Physical tapas is straightforward I feel – eat well, don’t abuse your body with excess in any form (overeating, over imbibing, oversleeping, shortage of sleeping…) and make time in your day for physical practice (asana). Also commit to your asana – applying yourself fully in order to reap the most benefit, but at the same time being careful not to take this to the other extreme. After all, as Swami Satchidadanda says in Chapter 2, Verse 1, “Self-discipline is an aid to spiritual progress, whereas self-torture is an obstacle”.

Straightforward though it may be, I have unfortunately largely failed in this this week. It’s due to circumstance as much as anything but my asana has gone out of the window and there have been excesses of all sorts left, right and centre! Which means I enter the coming week with an intention to schedule blocks of time again, to enable my daily daily practice, and try and give myself space for everything else too, whether that be running, homework or chores!

Moving on, mental tapas is about control of the mind and I love Swami Satchidadanda’s analogy here:

“Normally the mind is like a wild horse tied to a chariot. Imagine the body is the chariot; the intelligence is the charioteer; the mind is the reins; and the horses are the senses. The Self, or true you, is the passenger. If the horses are allowed to gallop without reins and charioteer, the journey will not be safe for the passenger.”

Discipline and self-control of course are key here – having the courage NOT to listen to that negative voice in your head and to bear insult or injury WITHOUT absorbing the negativity it foists upon us. Easier said than done of course but worth it for the serenity of mind that ensues.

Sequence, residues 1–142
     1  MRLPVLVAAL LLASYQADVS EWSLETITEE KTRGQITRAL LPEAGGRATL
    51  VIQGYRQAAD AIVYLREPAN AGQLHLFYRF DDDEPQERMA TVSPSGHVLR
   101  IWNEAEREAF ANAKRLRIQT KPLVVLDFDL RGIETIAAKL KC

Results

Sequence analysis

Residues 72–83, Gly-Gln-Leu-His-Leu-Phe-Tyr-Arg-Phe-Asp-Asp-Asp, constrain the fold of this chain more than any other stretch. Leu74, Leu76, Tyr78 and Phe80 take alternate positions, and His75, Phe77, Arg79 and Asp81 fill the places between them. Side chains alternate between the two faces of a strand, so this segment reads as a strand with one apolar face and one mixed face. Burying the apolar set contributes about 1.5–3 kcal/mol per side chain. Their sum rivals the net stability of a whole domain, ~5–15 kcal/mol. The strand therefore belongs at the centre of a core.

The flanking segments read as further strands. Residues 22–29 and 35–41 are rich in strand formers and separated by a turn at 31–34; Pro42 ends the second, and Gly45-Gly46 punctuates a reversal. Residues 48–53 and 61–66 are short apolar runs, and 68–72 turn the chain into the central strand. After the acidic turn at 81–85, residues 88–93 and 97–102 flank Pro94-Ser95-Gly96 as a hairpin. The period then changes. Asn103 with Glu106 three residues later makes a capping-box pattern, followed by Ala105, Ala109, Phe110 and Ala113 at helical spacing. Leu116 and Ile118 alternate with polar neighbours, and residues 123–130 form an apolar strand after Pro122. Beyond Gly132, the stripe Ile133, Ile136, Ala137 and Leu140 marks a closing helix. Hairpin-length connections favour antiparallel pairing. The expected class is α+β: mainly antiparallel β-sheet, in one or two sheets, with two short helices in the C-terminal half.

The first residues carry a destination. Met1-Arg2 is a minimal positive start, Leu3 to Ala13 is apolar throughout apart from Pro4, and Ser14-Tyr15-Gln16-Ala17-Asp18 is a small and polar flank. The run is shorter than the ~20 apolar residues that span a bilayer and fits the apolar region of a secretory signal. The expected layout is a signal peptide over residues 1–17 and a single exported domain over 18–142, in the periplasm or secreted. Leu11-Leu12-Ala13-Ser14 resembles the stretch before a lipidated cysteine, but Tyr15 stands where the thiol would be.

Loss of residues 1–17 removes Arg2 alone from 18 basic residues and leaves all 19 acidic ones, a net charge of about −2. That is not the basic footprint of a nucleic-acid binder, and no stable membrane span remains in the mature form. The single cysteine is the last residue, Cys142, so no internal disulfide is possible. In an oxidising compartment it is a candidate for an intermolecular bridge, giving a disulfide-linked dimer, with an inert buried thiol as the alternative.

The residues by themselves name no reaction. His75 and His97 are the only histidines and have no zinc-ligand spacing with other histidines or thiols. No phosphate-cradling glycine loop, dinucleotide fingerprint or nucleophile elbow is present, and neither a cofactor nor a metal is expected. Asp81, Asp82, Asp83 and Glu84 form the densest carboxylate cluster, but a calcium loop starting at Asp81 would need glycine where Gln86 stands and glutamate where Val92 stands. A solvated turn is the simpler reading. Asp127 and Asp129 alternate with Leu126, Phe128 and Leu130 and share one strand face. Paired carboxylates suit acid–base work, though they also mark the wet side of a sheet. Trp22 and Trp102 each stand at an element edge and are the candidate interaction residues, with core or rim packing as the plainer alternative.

And how have I done at this? Difficult to say! With the explanation for tapas in my Sutras explaining that, “If flowery words make us happy but insults upset us, we know our minds are not yet strong”, clearly my mind is not yet strong but equally I don’t think discipline or self-control are about overnight results. Instead, just like marathon training, it’s about consistent and continuous training in pursuit of a goal which means that, again, I’m chalking this one up as a work in progress…

Finally then we come to verbal tapas – speaking only that which is true, pleasant and beneficial. But of course these aren’t all necessarily the same thing, as we saw quite clearly when working with satya. Indeed the truth is that it can really be quite challenging to know what to speak and when. Just as it can also be challenging to keep quiet the not so nice thoughts that, let’s be honest, we can all have from time to time.

There are a number of situations where I find this latter part particularly difficult – relating to the actions of some people that I can simply have no respect for – and I’ve probably failed in all this week. Coming back to that idea of discipline being for the long-term however, I’m going to accept this for what it is this week and move on. Perhaps going forward I can write these thoughts out (privately) in an effort to stop them from circulating around and around in my mind or maybe I need to pay heed to this (unfortunately unattributed) quote that I saw some time back on Instagram and work harder on understanding:

“Despite how open, peaceful, and loving you attempt to be, people can only meet you as deeply as they’ve met themselves.”

All in all, this week has been a challenge, and although I’m pretty sure it’s been circumstantial I think I’ll need to revisit these two in the future, just to make sure.

Next up then? Brahmacharya (celibacy?!) and svadhyaya (self-study), though in the meantime the other posts in the series are available here:
#1 – ahimsa and sauca
#2 – satya and samtosa
#4 – brahmacarya and svadhyaya
#5 – aparigraha and isvarapranidhana